In the modern era, there is great convergence in the technologies used by friendly nations and by hostile ones. Signals intelligence agencies find themselves penetrating the technologies that they also at times must protect. To ease this tension, the United States and its partners have relied on an approach sometimes called Nobody But Us, or NOBUS: target communications mechanisms using unique methods accessible only to the United States. This paper examines how the NOBUS approach works, its limits, and the challenging matter of what comes next.
This compelling eyewitness account of a key political crisis in Bosnia and Herzegovina in 2007 demonstrates how interventions from foreign powers to end armed conflict can create new forms of conflict that are not only as determined and resilient, but can lead groups to challenge the power of fragile states through political and legal means. Countering such challenges is an integral but often ignored part of peace processes. How do these nonviolent wars evolve? How can the power of fragile states be challenged through nonviolent means in the aftermath of armed conflict? And what is the role of diplomacy in countering such challenges? This book offers key insights for policy makers dealing with fragile states who seek answers to such questions. - Cambridge University Press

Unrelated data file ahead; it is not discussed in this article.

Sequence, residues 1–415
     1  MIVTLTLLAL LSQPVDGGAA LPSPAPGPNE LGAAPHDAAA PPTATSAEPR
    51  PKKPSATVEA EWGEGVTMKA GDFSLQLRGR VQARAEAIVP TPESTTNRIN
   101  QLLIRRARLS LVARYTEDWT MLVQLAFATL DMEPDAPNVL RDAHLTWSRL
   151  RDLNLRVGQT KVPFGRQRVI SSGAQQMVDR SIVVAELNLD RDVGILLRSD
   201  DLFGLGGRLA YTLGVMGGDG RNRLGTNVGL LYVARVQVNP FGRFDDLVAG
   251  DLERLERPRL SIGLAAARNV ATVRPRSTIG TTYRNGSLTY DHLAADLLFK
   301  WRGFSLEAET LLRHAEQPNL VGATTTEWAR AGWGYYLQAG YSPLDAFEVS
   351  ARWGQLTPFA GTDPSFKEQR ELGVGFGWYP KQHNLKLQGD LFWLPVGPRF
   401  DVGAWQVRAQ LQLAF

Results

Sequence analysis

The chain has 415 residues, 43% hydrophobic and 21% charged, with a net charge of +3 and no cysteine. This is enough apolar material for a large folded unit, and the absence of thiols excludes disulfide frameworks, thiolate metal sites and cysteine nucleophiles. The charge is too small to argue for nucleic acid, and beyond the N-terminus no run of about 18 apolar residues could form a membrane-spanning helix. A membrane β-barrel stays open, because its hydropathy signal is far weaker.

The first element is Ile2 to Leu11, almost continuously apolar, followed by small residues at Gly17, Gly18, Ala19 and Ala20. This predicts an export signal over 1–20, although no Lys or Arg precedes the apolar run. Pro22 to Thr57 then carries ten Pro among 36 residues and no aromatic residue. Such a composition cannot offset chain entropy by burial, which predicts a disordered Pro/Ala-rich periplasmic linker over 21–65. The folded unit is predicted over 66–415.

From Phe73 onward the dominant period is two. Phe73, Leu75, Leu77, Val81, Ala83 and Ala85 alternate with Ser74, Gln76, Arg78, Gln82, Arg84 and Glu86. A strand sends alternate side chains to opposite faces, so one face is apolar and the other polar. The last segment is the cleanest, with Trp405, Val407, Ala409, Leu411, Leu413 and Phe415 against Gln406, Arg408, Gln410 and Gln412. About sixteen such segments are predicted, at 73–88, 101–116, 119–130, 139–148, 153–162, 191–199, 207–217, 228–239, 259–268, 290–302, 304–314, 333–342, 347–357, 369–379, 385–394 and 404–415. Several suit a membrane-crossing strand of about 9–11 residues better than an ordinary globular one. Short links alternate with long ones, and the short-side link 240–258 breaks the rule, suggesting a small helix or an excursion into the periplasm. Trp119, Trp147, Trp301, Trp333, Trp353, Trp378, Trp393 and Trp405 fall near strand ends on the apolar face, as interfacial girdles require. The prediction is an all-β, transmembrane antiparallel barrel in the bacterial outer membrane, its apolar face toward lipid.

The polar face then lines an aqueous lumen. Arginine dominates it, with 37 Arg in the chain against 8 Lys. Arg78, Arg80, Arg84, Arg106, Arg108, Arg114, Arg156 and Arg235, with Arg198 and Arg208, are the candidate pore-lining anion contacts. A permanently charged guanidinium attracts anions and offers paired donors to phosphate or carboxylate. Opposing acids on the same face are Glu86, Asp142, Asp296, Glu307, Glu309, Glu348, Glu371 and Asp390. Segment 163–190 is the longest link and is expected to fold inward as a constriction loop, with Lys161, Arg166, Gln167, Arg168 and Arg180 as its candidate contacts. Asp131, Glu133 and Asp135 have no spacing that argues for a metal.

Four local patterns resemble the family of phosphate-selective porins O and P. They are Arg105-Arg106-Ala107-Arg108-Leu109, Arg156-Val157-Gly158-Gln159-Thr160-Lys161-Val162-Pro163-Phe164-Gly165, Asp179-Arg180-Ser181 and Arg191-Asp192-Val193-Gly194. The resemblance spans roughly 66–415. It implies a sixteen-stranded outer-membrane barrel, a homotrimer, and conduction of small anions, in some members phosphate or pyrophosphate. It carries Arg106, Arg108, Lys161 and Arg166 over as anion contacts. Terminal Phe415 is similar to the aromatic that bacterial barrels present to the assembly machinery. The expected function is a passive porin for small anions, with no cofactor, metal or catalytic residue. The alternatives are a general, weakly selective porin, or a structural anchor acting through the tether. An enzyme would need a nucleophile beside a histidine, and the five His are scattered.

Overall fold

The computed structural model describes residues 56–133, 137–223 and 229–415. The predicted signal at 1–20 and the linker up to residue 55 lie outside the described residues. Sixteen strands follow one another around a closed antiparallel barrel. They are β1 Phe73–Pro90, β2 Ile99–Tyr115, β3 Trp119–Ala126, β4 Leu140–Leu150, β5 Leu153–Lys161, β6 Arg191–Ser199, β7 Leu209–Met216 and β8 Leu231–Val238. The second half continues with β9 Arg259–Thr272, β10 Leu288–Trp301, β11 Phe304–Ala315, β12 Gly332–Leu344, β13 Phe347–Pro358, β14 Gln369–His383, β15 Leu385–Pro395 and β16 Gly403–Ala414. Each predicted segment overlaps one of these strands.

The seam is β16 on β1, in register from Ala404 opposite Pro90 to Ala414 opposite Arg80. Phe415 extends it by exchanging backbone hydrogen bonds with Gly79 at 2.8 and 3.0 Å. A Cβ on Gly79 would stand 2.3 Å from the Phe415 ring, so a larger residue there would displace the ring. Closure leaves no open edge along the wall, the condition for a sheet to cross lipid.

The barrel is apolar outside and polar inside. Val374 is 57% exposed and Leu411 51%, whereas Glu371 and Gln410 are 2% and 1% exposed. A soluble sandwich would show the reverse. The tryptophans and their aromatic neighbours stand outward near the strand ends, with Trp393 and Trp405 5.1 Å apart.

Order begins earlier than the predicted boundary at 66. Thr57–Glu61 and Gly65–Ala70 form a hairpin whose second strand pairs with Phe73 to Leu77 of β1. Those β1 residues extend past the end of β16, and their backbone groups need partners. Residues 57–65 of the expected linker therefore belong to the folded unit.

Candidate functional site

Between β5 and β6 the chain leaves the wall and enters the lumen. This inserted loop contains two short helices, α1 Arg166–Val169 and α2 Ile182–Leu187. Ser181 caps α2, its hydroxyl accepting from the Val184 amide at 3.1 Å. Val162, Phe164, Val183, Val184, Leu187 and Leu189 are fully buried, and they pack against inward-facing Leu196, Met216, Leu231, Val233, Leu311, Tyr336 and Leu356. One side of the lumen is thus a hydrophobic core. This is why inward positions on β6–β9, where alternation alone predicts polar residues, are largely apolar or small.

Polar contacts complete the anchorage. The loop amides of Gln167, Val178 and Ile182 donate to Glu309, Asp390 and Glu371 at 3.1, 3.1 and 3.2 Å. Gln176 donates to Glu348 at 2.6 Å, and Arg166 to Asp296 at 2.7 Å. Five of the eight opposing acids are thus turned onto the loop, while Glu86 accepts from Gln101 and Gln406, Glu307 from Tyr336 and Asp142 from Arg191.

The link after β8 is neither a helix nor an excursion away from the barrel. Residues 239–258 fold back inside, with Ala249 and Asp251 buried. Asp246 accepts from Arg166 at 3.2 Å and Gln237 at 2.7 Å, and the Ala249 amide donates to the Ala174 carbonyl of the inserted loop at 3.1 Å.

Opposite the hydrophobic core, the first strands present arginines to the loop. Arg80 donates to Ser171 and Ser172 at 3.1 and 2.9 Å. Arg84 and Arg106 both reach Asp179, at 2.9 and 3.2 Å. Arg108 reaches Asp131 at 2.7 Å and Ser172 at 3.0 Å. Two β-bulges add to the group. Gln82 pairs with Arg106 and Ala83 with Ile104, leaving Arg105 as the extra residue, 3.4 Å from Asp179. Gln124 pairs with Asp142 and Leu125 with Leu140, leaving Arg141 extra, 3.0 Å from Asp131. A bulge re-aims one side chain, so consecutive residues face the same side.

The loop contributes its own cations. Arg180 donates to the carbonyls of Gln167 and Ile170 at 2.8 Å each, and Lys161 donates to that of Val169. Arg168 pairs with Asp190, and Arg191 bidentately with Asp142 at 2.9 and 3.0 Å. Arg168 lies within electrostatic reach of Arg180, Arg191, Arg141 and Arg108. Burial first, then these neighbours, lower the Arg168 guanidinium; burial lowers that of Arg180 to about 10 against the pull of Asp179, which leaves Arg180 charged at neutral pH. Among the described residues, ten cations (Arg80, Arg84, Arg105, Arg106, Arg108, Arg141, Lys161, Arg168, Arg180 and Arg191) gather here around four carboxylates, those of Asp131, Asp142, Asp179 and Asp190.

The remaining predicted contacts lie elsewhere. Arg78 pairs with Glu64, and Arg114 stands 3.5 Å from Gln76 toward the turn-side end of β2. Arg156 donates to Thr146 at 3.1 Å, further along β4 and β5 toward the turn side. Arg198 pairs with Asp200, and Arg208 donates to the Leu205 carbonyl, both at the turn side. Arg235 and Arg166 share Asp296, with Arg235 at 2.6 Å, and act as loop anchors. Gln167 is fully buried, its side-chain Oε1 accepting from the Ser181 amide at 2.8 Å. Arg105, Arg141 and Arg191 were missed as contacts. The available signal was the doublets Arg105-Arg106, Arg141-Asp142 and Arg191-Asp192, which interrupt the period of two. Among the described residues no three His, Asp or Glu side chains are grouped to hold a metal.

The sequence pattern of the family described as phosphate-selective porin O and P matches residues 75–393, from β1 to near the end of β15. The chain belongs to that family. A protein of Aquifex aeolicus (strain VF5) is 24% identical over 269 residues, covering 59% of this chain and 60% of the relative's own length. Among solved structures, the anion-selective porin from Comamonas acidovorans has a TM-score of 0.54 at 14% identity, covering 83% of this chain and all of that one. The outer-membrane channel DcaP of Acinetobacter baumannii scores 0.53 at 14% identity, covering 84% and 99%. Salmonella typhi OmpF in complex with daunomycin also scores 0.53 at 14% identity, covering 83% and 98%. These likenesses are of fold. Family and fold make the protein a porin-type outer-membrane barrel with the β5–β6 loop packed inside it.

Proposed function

"This fascinating and essential book catalogues the vital importance of diplomacy in the world today. Philippe Leroux-Martin gives us an insider's view of how Bosnia was put back together after the war." – Nicholas Burns, Faculty Director, The Future of Diplomacy Project